Spatial Computing is touted to be the next form of evolution in the computing landscape post Desktops, Laptops & Smartphones. It is one of the most discussed topics in the computing world.
The term Spatial Computing was defined by MIT Media Lab alumni Simon Greenwold in his futuristic thesis in 2003. In his thesis, he described Spatial Computing as the human interaction with a machine in which the machine retains and manipulates referents to real objects and spaces . He described this as an essential component in making our machines complete partners in our work and play.
Even though, his thesis was published in 2003 close to couple of decades now, we werent able to produce any meaningful outcome until a couple of years. This phenomenon was largely due to the complementary technological counterparts present in making Spatial Computing mainstream. Even then, this has been primarily adopted only in some of the leading Manufacturing Houses & Industries across the Globe. It could be another good 3 - 5 years before they become mainstream in the consumer segment.
In simpler terms, Spatial Computing can be utilized and occur in two scenarios, it lets us make use of the actual physical space or transports us to a virtual environment without any visual contact with the physical world. In both the cases, the primary factor is the Users ability to interact directly with the computing objects and make use of them to their benefit. Sometimes this situation can prevail in a third scenario which combines both the abilities of scenario 1 & 2 as well.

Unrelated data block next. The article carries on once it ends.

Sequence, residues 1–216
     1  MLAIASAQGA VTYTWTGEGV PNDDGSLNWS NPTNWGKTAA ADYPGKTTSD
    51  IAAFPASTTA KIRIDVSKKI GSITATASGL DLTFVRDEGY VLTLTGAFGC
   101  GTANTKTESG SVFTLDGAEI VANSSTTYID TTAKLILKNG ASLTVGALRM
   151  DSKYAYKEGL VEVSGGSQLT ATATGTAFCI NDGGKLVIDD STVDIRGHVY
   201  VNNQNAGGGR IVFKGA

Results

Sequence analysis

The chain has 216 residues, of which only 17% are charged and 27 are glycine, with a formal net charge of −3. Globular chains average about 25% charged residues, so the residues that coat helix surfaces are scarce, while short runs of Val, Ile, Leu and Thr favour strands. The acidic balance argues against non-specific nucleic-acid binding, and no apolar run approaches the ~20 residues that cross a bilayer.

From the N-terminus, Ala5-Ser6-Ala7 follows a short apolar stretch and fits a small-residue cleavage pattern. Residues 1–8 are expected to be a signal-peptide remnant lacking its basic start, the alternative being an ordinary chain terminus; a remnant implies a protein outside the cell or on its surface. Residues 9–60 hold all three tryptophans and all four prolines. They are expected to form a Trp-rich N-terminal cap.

Spatial Computing forms the greater umbrella of its computing beings like Virtual Reality (VR), Augmented Reality (AR) & Mixed Reality (MR). Thanks to Covid, most of these terminologies & technological factors are familiar to almost all of us.
In the interest of those who havent caught up with this frenzy, a quick note on these technologies.
Virtual Reality (VR) - Virtual Reality lets the users transport to an artificially created computing world through the Virtual Reality Headsets & Glasses, wherein it will block any visual contact with the physical world. This helps the users gain an immersive experience of being there in that virtual world.
Augmented Reality (AR) - Unlike VR, Augmented reality doesnt block the visual contact with the physical world, but lets the users super impose artificially created computer objects through their smartphone cameras or Augmented Reality Glasses.
Mixed Reality (MR) - Mixed Reality is a hybrid of both the models and is a mixture of physical and digital world. It can simultaneously work on both the virtual and physical world, helping the users unlock natural human, computer and virtual environment interactions.
Apart from these primaries, there are other components and complementary technological aspects which paves way for the mainstream adoption of Spatial Computing.
One other important factors in making Spatial Computing a consumer mainstream is the advancement in Spatial Audio or 3D Audio. We will discuss more on Spatial Audio in our forthcoming editions.
Spatial Computing has already made its in roads significantly in the Enterprise Segment of our world. There are a lot of Fortune 500 companies, Multi Billion Tech Giants, Manufacturing Behemoths & Industrial Tycoons making use of Spatial Computing. As a matter of fact, the Business to Business end of the world is whats driving the Spatial Computing and its technological subsidiaries.
Some real life use case implementations of this technology are listed below:
The above discussion is with respect to whats happening in spatial computing right now. We will discuss more on the drivers to adoption and the future of spatial computing in our next edition.